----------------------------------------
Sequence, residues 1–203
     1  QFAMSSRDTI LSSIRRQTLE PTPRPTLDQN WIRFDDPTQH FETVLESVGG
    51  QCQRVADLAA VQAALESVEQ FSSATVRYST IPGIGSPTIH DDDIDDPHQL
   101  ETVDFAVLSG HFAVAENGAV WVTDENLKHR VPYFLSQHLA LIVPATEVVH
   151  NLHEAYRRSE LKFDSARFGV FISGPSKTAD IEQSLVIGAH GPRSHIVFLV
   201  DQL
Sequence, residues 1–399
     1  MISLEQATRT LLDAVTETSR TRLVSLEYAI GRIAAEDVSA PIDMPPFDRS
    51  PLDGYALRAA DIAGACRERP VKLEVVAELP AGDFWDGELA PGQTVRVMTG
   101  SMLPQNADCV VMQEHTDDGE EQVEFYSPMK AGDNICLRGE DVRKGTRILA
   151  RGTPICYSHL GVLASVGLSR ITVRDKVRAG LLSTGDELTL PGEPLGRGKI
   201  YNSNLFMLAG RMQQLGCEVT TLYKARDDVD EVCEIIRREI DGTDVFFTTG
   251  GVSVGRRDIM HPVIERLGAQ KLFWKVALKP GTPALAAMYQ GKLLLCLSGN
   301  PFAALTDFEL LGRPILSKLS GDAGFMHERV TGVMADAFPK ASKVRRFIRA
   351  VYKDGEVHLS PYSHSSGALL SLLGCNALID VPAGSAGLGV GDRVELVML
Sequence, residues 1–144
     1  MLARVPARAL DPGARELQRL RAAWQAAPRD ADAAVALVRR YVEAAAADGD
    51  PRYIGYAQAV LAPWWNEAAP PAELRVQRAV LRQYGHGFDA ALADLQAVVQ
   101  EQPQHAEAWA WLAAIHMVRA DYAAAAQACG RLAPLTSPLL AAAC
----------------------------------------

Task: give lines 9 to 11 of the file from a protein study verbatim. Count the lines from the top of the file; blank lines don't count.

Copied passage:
    51  PLDGYALRAA DIAGACRERP VKLEVVAELP AGDFWDGELA PGQTVRVMTG
   101  SMLPQNADCV VMQEHTDDGE EQVEFYSPMK AGDNICLRGE DVRKGTRILA
   151  RGTPICYSHL GVLASVGLSR ITVRDKVRAG LLSTGDELTL PGEPLGRGKI